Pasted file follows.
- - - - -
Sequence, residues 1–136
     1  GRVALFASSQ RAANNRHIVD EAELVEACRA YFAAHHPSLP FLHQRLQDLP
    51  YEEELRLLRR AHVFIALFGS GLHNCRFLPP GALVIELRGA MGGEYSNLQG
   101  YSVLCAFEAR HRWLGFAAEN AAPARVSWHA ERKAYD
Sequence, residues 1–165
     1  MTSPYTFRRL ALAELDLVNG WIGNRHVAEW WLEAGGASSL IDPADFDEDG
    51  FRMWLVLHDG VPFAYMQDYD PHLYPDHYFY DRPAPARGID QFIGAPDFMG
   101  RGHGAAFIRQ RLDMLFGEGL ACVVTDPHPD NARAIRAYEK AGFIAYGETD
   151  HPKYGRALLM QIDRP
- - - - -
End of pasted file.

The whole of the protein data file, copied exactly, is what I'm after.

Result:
Sequence, residues 1–136
     1  GRVALFASSQ RAANNRHIVD EAELVEACRA YFAAHHPSLP FLHQRLQDLP
    51  YEEELRLLRR AHVFIALFGS GLHNCRFLPP GALVIELRGA MGGEYSNLQG
   101  YSVLCAFEAR HRWLGFAAEN AAPARVSWHA ERKAYD
Sequence, residues 1–165
     1  MTSPYTFRRL ALAELDLVNG WIGNRHVAEW WLEAGGASSL IDPADFDEDG
    51  FRMWLVLHDG VPFAYMQDYD PHLYPDHYFY DRPAPARGID QFIGAPDFMG
   101  RGHGAAFIRQ RLDMLFGEGL ACVVTDPHPD NARAIRAYEK AGFIAYGETD
   151  HPKYGRALLM QIDRP